Obesity and Type 2 diabetes occurs with an alarming incidence in the United States, altogether affecting more than 120 million people, many of which are children. Currently, more people are obese and have diabetes in the world as compared to the number of humans who are undernourished. These diseases are associated with billions of dollars in health costs each year. The cause of common obesity/diabetes is unknown and effective treatments do not exist. Leptin is a hormone that is normally produced in fat tissue, released into circulation, and acts in the brain to reduce caloric intake and bodyweight, and to improve glucose balance. Among many leptin-responsive cells in the brain are two neuronal populations, the hypothalamic proopiomelanocortin (POMC) and agouti-related peptide (AgRP) neurons. POMC produce peptides that act via specific melanocortin receptors in the brain to reduce food intake and body weight, and their expression is stimulated by leptin. In parallel, leptin inhibits expression and release of AgRP, a peptide that increases caloric intake by inhibiting POMC-peptide signaling. Humans and mice lacking leptin or leptin receptors, or have mutations in the POMC or the melanocortin receptor genes, suffer from severe hyperphagia, obesity, and insulin resistance. We will in this proposal use transgenic mice to investigate how leptin decreases caloric intake and reduces body weight, and vastly improves glucose balance, by acting via POMC and AgRP neurons. Altogether, the proposed studies will increase our understanding of how leptin acts to decrease body weight and food intake, and to improve glucose balance. The findings may help identification of novel anti-obesity/diabetes drug-targets.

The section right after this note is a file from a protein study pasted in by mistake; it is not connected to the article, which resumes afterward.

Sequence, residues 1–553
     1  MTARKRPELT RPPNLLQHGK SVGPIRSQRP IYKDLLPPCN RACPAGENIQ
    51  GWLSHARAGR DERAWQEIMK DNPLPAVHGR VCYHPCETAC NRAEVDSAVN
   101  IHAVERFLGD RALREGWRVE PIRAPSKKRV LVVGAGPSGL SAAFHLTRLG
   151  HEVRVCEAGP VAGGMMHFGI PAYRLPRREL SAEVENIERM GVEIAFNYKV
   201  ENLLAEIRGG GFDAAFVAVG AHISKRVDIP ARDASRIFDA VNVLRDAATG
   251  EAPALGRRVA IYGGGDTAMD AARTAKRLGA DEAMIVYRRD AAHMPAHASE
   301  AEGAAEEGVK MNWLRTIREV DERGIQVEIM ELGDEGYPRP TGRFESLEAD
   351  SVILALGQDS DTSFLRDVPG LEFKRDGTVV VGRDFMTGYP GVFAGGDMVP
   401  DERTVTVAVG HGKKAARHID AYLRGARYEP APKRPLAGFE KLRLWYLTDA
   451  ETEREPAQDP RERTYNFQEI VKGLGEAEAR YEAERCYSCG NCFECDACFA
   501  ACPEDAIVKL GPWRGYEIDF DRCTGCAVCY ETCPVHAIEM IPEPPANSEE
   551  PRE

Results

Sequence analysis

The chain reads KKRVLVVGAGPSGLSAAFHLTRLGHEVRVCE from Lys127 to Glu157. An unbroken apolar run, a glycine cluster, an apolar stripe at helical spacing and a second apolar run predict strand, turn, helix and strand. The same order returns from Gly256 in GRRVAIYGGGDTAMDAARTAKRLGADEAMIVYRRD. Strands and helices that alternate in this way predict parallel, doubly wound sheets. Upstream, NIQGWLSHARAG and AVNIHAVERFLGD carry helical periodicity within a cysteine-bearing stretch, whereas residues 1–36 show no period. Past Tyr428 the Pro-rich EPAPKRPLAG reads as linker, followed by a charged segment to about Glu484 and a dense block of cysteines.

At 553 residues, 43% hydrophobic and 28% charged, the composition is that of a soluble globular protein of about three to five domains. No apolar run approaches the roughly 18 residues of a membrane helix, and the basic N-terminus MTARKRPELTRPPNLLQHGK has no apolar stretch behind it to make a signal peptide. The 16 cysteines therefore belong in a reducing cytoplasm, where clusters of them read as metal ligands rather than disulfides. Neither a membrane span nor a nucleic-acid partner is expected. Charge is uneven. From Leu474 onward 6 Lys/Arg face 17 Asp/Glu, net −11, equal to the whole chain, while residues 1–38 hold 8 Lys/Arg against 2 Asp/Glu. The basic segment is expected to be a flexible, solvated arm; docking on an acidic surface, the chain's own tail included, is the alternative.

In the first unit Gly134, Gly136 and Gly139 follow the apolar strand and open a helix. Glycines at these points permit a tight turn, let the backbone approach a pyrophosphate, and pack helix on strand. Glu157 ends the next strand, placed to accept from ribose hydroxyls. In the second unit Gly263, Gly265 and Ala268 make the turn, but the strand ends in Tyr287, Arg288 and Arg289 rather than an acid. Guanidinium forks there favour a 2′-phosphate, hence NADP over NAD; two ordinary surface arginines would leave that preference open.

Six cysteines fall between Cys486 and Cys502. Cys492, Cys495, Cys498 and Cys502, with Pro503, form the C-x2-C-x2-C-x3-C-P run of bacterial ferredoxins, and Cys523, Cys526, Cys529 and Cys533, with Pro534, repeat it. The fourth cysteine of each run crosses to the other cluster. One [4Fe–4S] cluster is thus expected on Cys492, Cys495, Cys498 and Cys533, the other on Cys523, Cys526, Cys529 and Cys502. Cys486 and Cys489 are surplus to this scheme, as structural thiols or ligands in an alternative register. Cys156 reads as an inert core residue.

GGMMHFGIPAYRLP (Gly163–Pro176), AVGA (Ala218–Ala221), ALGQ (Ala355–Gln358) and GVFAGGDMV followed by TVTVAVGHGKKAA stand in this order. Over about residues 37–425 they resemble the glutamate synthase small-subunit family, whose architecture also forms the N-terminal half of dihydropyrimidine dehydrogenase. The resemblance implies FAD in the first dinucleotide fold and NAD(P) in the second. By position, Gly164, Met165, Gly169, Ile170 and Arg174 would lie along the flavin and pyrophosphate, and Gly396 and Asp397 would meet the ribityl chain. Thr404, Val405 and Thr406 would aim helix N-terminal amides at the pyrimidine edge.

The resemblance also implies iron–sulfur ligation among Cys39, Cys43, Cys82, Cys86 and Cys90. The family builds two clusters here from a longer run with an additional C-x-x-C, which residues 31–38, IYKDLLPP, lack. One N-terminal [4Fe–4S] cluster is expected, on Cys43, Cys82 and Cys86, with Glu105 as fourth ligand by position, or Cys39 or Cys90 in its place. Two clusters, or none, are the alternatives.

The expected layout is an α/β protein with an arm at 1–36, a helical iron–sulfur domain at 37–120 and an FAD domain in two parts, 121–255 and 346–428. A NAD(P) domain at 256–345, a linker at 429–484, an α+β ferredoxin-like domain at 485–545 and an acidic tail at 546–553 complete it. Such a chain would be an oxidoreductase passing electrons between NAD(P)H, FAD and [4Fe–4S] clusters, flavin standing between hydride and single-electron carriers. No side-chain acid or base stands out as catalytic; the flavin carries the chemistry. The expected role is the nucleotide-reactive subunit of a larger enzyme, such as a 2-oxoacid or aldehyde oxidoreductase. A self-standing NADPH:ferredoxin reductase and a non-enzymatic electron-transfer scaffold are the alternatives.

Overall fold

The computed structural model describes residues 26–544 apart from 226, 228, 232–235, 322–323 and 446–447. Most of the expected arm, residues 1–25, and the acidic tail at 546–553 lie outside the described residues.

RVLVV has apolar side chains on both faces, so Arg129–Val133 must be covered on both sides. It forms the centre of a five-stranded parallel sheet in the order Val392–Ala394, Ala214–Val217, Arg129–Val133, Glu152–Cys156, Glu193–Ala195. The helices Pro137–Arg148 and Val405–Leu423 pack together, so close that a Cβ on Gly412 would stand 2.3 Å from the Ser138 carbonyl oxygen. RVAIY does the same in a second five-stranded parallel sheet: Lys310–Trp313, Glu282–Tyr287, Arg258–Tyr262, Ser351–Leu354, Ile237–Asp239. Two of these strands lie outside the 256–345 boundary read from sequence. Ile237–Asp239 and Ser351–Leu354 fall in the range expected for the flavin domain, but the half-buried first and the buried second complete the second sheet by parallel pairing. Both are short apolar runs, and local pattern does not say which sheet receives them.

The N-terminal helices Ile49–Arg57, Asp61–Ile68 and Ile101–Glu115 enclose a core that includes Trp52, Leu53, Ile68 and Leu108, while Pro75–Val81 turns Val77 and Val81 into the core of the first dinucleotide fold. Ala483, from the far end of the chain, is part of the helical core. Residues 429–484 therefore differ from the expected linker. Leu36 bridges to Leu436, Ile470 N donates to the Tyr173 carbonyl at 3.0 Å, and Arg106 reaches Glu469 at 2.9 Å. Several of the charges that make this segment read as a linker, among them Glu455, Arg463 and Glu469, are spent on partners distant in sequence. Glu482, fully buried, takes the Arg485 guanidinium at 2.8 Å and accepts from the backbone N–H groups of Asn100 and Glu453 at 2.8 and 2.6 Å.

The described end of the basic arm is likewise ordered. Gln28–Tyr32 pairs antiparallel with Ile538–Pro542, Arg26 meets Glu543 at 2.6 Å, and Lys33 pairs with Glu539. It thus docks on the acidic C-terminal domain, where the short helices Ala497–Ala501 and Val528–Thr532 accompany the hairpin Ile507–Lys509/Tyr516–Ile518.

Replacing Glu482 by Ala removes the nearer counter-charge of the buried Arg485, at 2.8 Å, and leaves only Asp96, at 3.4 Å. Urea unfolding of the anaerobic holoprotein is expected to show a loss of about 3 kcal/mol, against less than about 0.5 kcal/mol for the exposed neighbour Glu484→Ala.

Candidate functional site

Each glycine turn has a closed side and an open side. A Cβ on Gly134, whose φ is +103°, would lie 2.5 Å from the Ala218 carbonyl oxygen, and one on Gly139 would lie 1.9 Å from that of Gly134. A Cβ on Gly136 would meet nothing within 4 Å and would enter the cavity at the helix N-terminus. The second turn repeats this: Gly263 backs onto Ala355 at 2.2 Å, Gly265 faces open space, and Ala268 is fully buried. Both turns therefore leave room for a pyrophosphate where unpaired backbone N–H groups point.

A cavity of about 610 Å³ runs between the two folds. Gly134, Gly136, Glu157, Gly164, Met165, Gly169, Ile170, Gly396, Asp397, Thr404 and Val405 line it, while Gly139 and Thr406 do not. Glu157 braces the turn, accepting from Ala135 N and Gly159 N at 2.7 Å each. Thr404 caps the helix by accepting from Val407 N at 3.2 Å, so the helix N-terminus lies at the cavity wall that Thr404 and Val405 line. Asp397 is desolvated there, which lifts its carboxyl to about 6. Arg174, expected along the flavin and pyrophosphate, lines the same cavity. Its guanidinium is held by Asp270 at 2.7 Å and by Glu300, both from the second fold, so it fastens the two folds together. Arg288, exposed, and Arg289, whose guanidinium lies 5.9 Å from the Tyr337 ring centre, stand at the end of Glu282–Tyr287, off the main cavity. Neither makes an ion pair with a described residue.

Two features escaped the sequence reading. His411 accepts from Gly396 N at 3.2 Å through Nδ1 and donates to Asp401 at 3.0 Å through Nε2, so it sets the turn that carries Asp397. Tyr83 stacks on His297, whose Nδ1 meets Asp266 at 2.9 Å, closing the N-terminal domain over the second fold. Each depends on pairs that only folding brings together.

This project aims to identify mechanisms whereby the hormone leptin acts in the brain to reduce body weight and fat mass, reduce caloric intake, and improve glucose metabolism. Specifically, we will identify pathways by which leptin influences these processes, via signaling in hypothalamic POMC and AGRP neurons. The grant will also determine regulation of leptin receptor localization within these specific neurons as this pertains to mechanisms of leptin-resistant obesity. Obtained data will therefore be relevant for future identification of novel anti-obesity/diabetes drug pathways/targets.
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